I came to the conclusion that it's kind of like the first baby--you can never be totally ready. But you can be ready enough. I received some great advice from a friend with whom I shared my reluctance. She simply said: "Wait until you're excited about the idea of another baby." Block out pressure from family, friends, society--even your own preconceived notions--and determine if your reasons for feeling like its time to try for another baby ring true to you. (Oh, and the other person in the it-takes-two-to-tango equation...should probably take them into account.)
Obviously family planning decisions are super personal and there are numerous factors, but here's a bit about my experience. This quote largely sums up my feelings about deciding to have another baby:
"There was that law of life, so cruel and so just, that one must grow or else pay more for remaining the same."
My daughter had reached a point of relative self-sufficiency. I didn't have to change diapers or spoon-feed her, she could clearly communicate her needs (and demands :), we were both sleeping through the night...things were breezy! The idea of starting over at zero was daunting (and the postpartum depression trauma didn't help.) It's hard to willingly leave our comfort zones, to veer from our well-worn ruts. But like Mr. Mailer warns, we pay the price if we don't. Growth can come in a million forms, so maybe a second child isn't the answer to your own growth needs, but I felt like it was for mine at that time. (And I'm grateful that I was able to get pregnant and sympathize with those who would love another baby but have been unable to.)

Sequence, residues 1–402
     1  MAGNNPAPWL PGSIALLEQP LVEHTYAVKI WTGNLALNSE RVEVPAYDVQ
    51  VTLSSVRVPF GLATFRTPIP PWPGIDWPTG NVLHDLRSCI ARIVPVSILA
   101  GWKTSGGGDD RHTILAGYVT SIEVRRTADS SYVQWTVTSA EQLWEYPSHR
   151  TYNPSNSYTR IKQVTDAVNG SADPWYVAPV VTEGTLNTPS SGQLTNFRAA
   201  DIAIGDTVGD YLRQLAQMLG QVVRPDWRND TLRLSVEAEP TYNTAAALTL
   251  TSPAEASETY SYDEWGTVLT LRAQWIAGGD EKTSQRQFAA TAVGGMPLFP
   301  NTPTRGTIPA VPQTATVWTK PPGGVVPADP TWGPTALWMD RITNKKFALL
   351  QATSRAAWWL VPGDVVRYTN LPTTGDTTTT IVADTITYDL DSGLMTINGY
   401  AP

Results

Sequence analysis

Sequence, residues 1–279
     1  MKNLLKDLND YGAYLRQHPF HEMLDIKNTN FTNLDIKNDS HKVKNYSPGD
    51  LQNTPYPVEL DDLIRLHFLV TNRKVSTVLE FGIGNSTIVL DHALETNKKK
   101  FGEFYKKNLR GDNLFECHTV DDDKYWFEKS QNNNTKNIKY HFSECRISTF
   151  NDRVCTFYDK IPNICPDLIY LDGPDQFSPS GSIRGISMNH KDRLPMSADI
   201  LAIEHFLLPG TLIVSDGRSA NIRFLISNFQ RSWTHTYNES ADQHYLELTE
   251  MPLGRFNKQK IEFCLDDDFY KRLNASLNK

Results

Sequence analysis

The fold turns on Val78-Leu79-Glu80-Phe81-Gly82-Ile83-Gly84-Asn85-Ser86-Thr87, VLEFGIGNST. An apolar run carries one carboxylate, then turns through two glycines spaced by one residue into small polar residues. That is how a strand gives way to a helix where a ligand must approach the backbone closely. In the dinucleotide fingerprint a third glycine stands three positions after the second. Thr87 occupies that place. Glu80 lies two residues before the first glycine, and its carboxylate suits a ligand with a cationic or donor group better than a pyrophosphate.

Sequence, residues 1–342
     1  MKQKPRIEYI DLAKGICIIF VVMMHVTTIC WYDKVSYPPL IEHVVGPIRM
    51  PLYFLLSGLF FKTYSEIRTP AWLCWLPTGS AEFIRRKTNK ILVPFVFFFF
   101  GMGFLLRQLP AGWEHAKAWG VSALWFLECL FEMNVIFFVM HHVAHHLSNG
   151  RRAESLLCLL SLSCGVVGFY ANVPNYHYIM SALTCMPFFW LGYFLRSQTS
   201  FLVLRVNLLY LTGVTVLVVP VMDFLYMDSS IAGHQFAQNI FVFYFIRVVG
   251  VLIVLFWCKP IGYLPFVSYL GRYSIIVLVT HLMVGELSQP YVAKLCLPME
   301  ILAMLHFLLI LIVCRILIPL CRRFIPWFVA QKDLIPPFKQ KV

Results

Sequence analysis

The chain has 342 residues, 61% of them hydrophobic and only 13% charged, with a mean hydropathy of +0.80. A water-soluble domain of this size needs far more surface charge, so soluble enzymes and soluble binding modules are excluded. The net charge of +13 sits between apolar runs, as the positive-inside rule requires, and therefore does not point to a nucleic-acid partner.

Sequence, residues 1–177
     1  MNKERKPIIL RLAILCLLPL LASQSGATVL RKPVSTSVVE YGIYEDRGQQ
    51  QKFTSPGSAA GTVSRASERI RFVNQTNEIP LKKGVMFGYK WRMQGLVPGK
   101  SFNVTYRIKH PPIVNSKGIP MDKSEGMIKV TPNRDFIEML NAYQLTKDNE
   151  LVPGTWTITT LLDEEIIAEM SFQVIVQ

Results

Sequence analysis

Now jump to after baby. Thankfully many of the things that I found so challenging and tear-worthy with Em have been much easier with Haven. This is the quote that sums up my feelings about mothering a second child:
"There is nothing like returning to a place that remains unchanged to find the ways in which you yourself have altered."
It's been incredibly gratifying to meet motherhood (mothering-a-baby-motherhood) again and see the many ways in which I've altered. Maybe the biggest thing is how much more relaxed I am (oh, and not being depressed.) I can roll with things that would've reduced me to tears when Em was a baby. The other big thing is confidence. I've done this before. I'm a survivor :) Confidence brings with it the gift of easing anxiety, which has allowed me to be present. To sink in and relish little moments--kissing impossibly soft cheeks, feeling the weight of a head on my shoulder (and the subsequent sliminess of spit-up...joke), watching Haven study her own hands with an enviable awe.
I had hopes (foolish, foolish hopes) of getting an easy baby and hence having a less stressful experience......no such luck :) I got an adorable, colicky, crappy napper. (Though she does smile generously and has gotten happier as she's grown.) But if I had gotten an easy baby, I wouldn't have been able to see the ways in which I'd grown and transformed. I simply would've chalked it up to the new babe's temperament. And that is my silver lining.